Aaron Sun

MD/PhD Cadidate
MD/PhD Cadidate
axs3@pitt.edu

Biography

Education

B.S. Degree in Chemistry and Electrical & Computer Engineering in May 2013, Rutgers University, New Brunswick, NJ

Undergraduate thesis: “Redox-Neutral Reactions and Hydrogen Bonding Catalysis”

MD/PhD Candidate, University of Pittsburgh, 2013 - present

Research Interests

Broadly, I am interested in mechanisms of tissue regeneration and development of biomaterials for tissue engineering. This includes peripheral nerve regeneration, cartilage tissue engineering, and lizard/gecko models of regeneration (see Tom Lozito’s page!).

Peripheral Nerve Regeneration – Severe nerve damage in the form of crush, disease, or transection can lead to nerve tissue death and an inability to reestablish a functional neural connection. While peripheral nerves do have an intrinsic ability to regenerate, they are not able to overcome large gaps thus necessitating the need for surgical intervention in the form of a graft or synthetic conduit. Our lab has developed a novel method of conduit fabrication that allows for the encapsulation of stem cells within the walls of the conduit. This affords us unprecedented control of spatial distribution and cell loading within these conduits. We are presently exploring the potential of this system as well as others.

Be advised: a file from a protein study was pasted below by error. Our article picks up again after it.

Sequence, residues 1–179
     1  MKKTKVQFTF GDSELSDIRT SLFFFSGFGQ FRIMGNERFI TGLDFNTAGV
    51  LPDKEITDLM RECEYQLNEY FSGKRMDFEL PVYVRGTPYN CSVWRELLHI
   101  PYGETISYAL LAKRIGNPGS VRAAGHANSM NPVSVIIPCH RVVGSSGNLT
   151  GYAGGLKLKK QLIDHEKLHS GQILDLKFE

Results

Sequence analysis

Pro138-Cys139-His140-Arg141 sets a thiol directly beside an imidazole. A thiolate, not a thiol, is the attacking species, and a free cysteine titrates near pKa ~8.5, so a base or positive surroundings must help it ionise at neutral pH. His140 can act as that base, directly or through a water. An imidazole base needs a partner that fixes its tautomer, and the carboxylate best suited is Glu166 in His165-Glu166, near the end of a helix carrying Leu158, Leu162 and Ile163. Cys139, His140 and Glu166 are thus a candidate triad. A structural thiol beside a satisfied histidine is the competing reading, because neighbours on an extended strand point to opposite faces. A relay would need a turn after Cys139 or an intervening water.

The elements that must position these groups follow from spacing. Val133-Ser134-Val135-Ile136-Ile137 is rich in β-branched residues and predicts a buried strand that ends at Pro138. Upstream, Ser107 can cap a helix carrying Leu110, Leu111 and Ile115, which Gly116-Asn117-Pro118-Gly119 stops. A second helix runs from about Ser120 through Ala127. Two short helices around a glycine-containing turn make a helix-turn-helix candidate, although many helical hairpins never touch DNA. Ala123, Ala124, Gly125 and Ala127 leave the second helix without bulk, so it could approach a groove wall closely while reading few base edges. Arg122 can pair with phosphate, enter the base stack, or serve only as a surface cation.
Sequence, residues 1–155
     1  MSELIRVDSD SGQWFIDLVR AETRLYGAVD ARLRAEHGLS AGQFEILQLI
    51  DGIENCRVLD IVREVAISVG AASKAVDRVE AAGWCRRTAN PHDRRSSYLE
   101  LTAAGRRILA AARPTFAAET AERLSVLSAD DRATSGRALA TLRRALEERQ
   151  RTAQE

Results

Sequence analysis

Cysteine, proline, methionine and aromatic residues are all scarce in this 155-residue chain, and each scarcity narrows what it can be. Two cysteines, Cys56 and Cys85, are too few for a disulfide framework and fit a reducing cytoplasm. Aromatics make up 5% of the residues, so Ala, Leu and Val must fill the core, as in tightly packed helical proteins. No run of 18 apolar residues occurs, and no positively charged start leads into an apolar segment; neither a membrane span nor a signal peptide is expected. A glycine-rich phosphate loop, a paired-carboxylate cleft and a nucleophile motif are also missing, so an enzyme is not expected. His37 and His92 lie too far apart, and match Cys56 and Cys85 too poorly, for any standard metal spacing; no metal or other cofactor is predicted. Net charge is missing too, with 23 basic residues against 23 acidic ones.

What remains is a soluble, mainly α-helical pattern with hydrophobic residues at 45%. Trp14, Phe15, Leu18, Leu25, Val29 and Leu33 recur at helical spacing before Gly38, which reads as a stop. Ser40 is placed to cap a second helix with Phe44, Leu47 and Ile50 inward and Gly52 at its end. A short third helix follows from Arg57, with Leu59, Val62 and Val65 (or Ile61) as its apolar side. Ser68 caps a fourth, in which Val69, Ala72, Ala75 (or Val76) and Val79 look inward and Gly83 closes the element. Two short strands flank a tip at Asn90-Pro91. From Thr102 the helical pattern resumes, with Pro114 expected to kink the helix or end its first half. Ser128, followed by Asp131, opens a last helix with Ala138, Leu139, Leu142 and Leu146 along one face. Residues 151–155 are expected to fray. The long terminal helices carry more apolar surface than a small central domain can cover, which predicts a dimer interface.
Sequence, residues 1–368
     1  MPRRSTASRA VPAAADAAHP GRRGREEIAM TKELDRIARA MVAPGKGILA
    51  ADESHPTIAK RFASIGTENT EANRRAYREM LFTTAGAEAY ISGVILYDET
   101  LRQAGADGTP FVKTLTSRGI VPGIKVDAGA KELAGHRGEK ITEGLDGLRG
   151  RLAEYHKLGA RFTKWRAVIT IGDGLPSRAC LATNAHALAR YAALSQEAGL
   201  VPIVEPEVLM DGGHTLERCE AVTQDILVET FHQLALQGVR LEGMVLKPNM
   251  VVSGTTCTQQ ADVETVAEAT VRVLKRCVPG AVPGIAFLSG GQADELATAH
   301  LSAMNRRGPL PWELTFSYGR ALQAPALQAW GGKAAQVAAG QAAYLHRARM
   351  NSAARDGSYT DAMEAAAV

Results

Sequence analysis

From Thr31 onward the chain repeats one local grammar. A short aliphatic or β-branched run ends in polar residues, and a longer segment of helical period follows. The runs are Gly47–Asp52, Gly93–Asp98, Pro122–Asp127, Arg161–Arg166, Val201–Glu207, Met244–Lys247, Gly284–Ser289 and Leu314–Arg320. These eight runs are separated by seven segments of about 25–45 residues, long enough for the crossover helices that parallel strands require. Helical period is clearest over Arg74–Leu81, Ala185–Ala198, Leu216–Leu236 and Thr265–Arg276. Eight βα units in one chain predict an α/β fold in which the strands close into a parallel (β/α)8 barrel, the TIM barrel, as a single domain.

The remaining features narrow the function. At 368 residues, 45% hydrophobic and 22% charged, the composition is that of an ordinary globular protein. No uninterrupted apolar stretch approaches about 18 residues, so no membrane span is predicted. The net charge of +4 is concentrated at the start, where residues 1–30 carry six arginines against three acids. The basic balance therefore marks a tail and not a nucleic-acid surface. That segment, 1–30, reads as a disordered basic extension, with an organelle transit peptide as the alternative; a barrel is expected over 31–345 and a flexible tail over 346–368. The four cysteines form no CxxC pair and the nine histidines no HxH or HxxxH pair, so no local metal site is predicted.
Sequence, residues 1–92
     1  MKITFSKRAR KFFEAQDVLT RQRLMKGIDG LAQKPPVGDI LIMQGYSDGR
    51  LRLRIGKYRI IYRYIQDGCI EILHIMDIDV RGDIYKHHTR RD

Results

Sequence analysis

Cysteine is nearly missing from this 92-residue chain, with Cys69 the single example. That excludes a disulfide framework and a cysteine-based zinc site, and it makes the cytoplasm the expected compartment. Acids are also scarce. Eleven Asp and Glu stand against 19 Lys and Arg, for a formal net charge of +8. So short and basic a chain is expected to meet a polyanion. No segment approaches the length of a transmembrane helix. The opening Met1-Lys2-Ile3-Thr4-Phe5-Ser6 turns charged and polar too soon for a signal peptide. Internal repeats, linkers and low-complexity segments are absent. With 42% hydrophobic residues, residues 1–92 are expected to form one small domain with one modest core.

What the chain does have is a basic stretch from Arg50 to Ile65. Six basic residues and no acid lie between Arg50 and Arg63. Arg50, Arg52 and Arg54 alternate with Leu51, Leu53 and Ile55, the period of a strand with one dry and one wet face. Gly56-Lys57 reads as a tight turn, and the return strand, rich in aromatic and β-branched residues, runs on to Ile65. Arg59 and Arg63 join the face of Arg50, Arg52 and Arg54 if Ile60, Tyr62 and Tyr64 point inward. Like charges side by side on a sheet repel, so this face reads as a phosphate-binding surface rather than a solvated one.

Cartilage Tissue Engineering – Cartilage damaged by trauma, age, or disease demonstrates a very limited capacity for self-healing. As such, new methods to replace or regenerate cartilage are a necessity. One popular method, the use of cell-encapsulated hydrogels, is promising but generally possesses low mechanical stiffness and strength, which reduces its usability in point-of-care applications. I am interested in the design of strong hydrogels for direct cell encapsulation with the end goal of shortening the time to return of function for patients and decreasing morbidity. 

Awards

  • Bevier Award, University of Pittsburgh School of Engineering
  • Cellular Approaches to Tissue Engineering and Regeneration (CATER) Training Grant (NIH T32 EB001026)
  • MSTP Training Grant (NIH T32 GM8208-26)
  • Outstanding Engineering Scholar Award, Rutgers University (awarded to top GPA in School of Engineering)
  • John B. Smith Memorial prize, Rutgers University (highest ranking graduate in dept. of electrical engineering, 1 of 1)
  • Bruce Garth Award for General Academic Excellence and Research, Rutgers University (1 of 1)
  • Summa Cum Laude (4.0/4.0), Rutgers University
  • Highest Distinction in Research, Rutgers University
  • Barry M. Goldwater Scholarship Honorable Mention
  • Ning Moeller Award for Outstanding Academic Achievement by a Chemistry Major, Rutgers University (1 of 1)
  • ACS Inorganic Division Award for Excellence in Inorganic Chemistry, Rutgers University (1 of 1)
  • Croda Award for Outstanding Junior for Excellence in Organic Chem Lab, Rutgers U. (1 of 1)
  • Phyllis Dunbar Award for Excellence in Physical Chemistry, Rutgers University (1 of 2)
  • Tau Beta Pi Honor Society, Inductee, Rutgers University (National engineering honors society)
  • Eta Kappa Nu Honor Society, Inductee, Rutgers University (National electrical engineering honors society)
  • ARESTY undergraduate research fellowship, Rutgers University
  • Dean’s List, Rutgers University
  • Presidential Scholarship, Rutgers University (Full scholarship)